4. February 18, 2010 at 9:17 pm

    @Chawunky: “Jacopo Dibrie Debonko, the Sailing Mage” has a certain charm, doesn’t it?

    @Timeshadows: I suspect that passive-aggressive attitude is the key to why some weird names are more annoying than others. Some players are just picking goofy names because they’re fun, while others are doing it to test their boundaries and tweak the referee’s nose. A draconian approach might well be best. Sadly, I dislike acting draconian. It would be easier if I took issue to a weird name right off the bat, but usually it takes me a couple of sessions to get annoyed by a name, by which time everyone’s used to it.

    @tavisallison: It’s fair to point out that gonzo settings like your White Box have far looser standards — if they have standards at all! — for what sort of names are suitable. It’s more useful to note that even a relatively serious and parochial old-school setting still has room for the gonzo and the weird. The important thing is that everyone find a way to be comfortable with such anomalies. (“My parents were time travelers” is certainly one way to go about it!)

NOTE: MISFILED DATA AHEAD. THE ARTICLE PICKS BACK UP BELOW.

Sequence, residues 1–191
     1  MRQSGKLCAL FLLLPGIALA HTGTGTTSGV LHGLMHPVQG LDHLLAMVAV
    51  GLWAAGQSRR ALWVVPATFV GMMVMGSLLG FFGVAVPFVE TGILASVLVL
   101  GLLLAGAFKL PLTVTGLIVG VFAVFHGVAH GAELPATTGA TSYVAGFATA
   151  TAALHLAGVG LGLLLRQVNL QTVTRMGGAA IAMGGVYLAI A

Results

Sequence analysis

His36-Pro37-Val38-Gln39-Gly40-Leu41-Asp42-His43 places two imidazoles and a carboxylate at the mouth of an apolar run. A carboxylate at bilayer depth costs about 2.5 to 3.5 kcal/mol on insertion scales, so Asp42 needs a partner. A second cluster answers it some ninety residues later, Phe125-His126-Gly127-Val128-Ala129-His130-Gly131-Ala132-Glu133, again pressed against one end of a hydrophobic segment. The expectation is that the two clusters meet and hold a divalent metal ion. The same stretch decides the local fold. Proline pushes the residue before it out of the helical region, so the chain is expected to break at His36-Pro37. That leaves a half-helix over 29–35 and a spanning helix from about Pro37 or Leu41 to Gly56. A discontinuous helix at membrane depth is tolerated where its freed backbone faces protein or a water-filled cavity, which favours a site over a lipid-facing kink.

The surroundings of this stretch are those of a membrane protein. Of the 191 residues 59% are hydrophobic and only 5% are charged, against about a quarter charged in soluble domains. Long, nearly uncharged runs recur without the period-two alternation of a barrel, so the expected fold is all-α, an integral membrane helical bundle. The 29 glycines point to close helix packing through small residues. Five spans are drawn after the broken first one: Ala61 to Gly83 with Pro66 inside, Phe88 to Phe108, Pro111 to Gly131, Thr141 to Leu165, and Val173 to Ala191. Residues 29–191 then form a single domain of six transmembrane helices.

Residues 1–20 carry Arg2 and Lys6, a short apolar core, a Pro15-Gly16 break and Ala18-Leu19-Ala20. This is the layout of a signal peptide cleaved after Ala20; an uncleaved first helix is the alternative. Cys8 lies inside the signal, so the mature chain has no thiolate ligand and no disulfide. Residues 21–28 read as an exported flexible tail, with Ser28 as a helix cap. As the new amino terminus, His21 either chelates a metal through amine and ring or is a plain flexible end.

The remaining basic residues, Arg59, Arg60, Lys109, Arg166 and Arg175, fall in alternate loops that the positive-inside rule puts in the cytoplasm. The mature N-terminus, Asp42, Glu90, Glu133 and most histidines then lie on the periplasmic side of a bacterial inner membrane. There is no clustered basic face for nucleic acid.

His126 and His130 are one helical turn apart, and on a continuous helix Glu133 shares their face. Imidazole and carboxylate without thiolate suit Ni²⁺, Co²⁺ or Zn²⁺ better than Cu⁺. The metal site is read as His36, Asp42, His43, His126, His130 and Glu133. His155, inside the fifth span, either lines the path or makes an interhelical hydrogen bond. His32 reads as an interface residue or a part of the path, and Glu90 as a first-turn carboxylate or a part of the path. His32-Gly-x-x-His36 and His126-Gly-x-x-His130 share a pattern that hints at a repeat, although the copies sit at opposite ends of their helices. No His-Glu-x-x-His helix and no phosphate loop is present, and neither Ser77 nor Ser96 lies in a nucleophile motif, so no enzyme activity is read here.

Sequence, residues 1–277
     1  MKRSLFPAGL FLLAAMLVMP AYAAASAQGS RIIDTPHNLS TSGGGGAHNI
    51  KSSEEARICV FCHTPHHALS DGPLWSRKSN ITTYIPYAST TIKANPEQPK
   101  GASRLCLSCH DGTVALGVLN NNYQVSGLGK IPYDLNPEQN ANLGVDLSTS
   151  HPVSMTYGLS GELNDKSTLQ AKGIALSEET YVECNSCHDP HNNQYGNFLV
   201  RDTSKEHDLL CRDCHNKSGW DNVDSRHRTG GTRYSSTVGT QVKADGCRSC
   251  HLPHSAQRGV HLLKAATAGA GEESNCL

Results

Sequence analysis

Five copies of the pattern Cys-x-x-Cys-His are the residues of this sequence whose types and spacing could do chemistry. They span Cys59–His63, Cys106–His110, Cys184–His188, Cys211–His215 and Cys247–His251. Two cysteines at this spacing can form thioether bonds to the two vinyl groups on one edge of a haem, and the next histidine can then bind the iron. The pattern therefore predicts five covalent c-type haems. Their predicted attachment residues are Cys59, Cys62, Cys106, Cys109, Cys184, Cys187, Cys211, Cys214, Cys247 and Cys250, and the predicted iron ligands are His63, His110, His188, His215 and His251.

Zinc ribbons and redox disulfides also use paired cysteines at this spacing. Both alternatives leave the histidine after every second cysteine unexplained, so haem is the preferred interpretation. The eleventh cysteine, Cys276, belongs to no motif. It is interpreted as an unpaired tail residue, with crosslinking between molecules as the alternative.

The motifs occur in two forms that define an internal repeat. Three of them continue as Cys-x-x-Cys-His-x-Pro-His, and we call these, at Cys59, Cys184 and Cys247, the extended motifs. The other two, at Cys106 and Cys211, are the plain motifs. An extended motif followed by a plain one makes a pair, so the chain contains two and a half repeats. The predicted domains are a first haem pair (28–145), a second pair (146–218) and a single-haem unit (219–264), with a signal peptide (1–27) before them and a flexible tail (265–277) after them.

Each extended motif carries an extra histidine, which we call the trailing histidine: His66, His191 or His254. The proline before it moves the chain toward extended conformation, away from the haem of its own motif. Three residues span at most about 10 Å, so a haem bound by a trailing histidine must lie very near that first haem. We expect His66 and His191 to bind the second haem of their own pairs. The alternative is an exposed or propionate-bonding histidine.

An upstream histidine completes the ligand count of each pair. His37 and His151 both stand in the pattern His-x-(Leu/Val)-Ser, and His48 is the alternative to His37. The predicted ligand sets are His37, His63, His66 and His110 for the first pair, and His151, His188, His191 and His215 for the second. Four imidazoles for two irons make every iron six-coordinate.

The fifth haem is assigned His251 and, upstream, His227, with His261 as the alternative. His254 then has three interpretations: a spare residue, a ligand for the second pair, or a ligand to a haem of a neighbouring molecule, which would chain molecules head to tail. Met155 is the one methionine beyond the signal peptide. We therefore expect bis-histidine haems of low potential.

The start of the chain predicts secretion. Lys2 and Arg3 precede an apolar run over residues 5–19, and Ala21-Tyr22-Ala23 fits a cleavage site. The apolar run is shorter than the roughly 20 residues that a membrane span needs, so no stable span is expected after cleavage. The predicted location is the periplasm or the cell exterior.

5. February 19, 2010 at 4:22 am

    Neither you nor the NPC’s are forced to use any name they find objectionable. Give them a nickname (preferably one they don’t like) and have it spread in world. Give them in game trouble cause of their stupid names. “No you can’t enter the city until you provide your *real* name.”

    But, man it’s a game, fun! Personally, don’t think seriousness has a place at the game table. And if it does/you want it to then you seriously need to find you some players that think same way cause O’ Cabbage head over there is playing a Fun! game not a serious one.